BULLEN: Not all bands are transcategorical. Most bands limit and categorize themselves within one genre, do they not? Sometimes an artist or band makes certain tracks that seem to break out of their defined genre.
I suppose “trans-” would imply including all genres at once, but I also think of a song/tune/piece or body of work that “transcends” genre, i.e rises above the limits of any particular genre. I suppose This Heat was fairly “transcategorical,” and that’s why I really liked “pre/post everything” as opposed to “post-punk.”
Were there any This Heat songs that seemed particularly relevant to revive today?
HAYWARD: The songs are all inter-related, they have degrees of connection, some are about small and others are about big things, some are more ambiguous than others, but they contrast each other. So although some seem more obviously relevant to now, there’s this weird strength inside the songs that means they need each other. [Quoting their song “Cenotaph”] “History repeats itself.”
Your songs often struck me as not protest songs but a sort of political philosophy poetry. Needless to say, these are dramatic times in the U.K. and U.S.A. Is there value in rock musicians making political responses to the current times? Is it important? Is it a responsibility? Does it make a difference? How do political concerns play out in your music?
HAYWARD: I think it’s different for everybody – that’s another sort of cubism – so I don’t think imperatives work. That applies to lyrics, too: telling people exactly what to think is always the problem, we need to get beyond that sense of right/wrong. But for me it’s an absolute necessity to confront the deep social systems and structures and how they manifest between and inside us, to remove my personality from that as much as possible, to transport the exchange into song space. A space with responsibilities that floats outside of polemic and the immediate, and instead fuses history, desire, sensuality, speculative fictions, a sort of synesthesia that leaves itself open to the listener’s responses.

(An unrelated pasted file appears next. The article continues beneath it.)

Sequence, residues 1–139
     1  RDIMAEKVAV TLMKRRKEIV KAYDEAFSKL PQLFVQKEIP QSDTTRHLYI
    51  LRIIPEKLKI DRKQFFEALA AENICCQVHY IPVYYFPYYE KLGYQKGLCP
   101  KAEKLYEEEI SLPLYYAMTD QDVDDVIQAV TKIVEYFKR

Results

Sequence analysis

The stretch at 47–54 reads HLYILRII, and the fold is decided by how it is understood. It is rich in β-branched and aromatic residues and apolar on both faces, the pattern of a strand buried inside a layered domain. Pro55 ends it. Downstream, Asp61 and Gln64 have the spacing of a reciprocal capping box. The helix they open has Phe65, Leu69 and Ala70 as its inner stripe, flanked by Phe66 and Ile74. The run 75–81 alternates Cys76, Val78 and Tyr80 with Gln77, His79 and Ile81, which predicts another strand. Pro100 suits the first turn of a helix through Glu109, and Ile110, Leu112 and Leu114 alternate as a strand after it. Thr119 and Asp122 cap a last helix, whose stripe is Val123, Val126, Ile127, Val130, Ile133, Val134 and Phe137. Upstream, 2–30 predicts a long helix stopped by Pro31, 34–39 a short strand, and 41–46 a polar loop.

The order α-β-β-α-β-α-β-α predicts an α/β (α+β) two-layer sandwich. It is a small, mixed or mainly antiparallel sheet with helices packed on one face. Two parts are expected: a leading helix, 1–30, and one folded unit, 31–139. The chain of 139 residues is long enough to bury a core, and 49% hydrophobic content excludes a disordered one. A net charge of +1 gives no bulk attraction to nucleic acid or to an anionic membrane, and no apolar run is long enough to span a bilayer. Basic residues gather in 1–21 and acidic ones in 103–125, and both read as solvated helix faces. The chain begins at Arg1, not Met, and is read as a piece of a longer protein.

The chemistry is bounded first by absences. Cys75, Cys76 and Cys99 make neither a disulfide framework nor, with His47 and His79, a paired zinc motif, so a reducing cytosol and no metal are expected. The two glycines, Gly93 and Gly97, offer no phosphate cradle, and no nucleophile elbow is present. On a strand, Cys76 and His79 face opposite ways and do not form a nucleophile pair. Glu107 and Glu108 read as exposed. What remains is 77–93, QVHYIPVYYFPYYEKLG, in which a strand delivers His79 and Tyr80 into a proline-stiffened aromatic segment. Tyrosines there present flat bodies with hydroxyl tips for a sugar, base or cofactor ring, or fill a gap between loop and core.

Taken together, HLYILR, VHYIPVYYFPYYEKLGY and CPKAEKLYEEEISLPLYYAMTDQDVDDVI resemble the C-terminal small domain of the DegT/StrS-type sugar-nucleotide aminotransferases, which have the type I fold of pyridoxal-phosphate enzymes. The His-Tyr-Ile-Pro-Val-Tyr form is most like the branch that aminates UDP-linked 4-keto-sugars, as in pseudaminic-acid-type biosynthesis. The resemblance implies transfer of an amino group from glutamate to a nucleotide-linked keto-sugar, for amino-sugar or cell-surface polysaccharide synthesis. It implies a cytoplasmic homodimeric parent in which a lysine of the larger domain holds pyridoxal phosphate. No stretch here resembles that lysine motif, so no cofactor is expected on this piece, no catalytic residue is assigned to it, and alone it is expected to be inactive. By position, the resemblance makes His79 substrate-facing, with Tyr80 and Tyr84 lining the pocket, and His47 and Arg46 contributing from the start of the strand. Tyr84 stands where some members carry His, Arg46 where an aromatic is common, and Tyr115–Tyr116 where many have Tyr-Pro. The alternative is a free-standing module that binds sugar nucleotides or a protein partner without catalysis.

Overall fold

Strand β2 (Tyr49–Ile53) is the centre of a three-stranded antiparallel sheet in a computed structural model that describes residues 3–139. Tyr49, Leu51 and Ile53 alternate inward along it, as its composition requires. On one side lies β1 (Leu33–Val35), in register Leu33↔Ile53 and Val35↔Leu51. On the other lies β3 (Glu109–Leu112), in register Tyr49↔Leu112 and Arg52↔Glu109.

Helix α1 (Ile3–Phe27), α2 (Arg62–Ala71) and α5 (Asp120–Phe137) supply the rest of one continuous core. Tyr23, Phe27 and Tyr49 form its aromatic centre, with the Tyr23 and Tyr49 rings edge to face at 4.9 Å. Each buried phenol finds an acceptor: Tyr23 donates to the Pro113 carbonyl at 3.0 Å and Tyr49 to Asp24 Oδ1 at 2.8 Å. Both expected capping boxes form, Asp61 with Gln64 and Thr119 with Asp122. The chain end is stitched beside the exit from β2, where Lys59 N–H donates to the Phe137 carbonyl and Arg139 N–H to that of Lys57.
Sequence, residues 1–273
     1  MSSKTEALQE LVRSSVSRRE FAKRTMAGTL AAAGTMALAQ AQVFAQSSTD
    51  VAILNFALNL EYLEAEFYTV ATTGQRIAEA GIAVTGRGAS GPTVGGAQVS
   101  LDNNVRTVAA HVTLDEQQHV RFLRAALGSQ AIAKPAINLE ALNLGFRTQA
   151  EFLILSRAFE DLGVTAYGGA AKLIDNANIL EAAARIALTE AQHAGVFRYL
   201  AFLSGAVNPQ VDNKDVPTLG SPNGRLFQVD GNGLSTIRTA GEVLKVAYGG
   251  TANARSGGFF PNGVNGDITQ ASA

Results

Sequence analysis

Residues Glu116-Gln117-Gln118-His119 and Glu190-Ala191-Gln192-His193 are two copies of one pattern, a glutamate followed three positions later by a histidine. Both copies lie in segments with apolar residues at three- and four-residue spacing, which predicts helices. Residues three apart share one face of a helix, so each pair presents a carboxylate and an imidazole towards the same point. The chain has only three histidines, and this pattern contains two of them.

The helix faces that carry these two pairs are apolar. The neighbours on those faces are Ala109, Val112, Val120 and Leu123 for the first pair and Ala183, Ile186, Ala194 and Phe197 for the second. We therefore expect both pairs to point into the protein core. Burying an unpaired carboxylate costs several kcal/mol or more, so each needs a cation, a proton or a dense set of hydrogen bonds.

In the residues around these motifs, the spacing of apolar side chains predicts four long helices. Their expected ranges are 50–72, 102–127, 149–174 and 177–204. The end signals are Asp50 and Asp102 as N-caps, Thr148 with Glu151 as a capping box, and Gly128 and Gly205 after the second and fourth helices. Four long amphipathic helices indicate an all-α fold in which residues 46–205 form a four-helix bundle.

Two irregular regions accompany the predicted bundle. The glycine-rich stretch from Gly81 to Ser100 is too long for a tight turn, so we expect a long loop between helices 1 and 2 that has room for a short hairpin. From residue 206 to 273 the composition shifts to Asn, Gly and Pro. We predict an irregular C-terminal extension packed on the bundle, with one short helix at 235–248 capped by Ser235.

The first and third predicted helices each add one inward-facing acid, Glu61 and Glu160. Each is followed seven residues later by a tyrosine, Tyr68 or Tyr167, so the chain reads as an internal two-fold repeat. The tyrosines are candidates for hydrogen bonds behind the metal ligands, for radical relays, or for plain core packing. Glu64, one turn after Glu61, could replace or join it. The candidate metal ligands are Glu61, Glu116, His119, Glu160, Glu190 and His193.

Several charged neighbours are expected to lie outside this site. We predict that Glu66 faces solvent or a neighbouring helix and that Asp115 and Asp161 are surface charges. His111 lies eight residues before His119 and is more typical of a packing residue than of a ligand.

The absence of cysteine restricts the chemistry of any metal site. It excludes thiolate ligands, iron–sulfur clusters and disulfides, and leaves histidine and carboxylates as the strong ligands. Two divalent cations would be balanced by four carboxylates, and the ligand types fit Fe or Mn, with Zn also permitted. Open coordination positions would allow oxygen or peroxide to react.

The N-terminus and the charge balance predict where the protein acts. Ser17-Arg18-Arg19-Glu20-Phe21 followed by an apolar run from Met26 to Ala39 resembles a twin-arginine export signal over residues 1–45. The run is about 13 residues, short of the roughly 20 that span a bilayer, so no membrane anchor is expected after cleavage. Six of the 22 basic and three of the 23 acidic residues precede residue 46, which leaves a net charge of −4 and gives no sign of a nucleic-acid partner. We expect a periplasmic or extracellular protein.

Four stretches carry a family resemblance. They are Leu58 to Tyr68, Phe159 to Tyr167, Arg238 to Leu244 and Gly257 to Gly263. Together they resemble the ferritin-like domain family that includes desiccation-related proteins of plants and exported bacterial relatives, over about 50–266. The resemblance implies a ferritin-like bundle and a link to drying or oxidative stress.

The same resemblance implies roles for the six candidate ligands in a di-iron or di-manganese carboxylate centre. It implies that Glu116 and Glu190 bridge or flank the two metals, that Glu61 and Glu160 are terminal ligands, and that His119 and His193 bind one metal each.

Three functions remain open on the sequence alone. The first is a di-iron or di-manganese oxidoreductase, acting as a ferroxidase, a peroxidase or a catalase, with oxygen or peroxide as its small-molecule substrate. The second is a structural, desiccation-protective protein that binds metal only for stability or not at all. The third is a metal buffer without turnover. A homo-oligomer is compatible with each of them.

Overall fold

As far as the idea of making a difference goes, nowadays I sort of feel that as soon as anybody does anything it changes everything. Aside from that, I don’t know. We played in Philadelphia last year, and after “S.P.Q.R.” someone in the audience shouted out “They’re singing about us”.
What was the role of improvisation in This Heat. Is it the same for This Is Not This Heat?
HAYWARD: We used improvisation a lot to generate little cells of ideas that we’d then develop, either into new songs or to accommodate lyrics and vocal tunes, the processes twisting into and around each other. The space between composition and improvisation is an ongoing obsession. With This Is Not This Heat, the improvisation is less overt, it’s more inside the songs and relates to each specific performance, audience, and venue.
Can we expect an album from the new incarnation of the band?
HAYWARD: No. We’re accumulating footage to make some sort of film around a couple of live gigs.
What are your post-TINTH plans?
HAYWARD: To concentrate on the music I’m making now, which involves a number of projects, each with its own attitude and soundworld. There’s a new solo album of songs called begin anywhere and I’m very excited to be sharing that with listeners. It’s centered around the piano and has a shape I very much like. There are a couple of other albums ready to go, so I’ll be getting them out over the next year. I’ve been programming nights at the Albany and Lewisham Arthouse in London, and that’s been really good to do, keeps me connected with the constant evolution. Recently I’ve bought some new recording gear for my studio space, so that’s opened up a whole set of new possibilities as well.
BULLEN: I have been doing some solo improvising gigs playing mostly “hammered prepared pedal-steel guitar” and hammered dulcimer, so I would like to do some more of that. It’s great being a “self-contained unit.” And I have done some recording as a duo with a great drummer called Laurence Pike, which should come out later this year
I also have a lot of more composed material that I would like to finish and release, maybe under the “Lifetones” name. The Lifetones album was hardly noticed on its original release [in 1983], but seems to have picked up a lot of interest in the past 10 years, especially in the U.S., and then more so with the re-release on Light in the Attic
That’s a lot to look forward to! How has it felt looking back for the last few years?
HAYWARD: We’ve played in the U.K., Europe, the States, and Japan. It’s been great, and personally, I’ve learned a lot playing music that is already inside memory, I’ve always been moving on and not doing old stuff, and with this project I’ve learned about how it seems to work for the audience a lot of the time. But moving forward has always been deep inside This Heat’s music. So now it’s time to move on, again. The music seems to stay relevant and fresh; it can take care of itself, doesn’t need us to keep playing it. The albums were made with the future in mind, that’s what I’m still doing with new music, so I better get on with it, see you later.
This Is Not This Heat performs at (Le) Poisson Rouge on March 18 at 8pm; lpr.com
Kurt Gottschalk has written about music for All About Jazz, Signal to Noise, The Wire, Guitar Player, Goldmine, NYC Jazz Record, Brooklyn Rail, Coda, Musicworks, New Music Box, Time Out New York, and publications in France, Germany, Ireland, Portugal, and Russia. He is the producer and host of the Miniature Minotaursradio program on WFMU, and is the author of two books of fiction.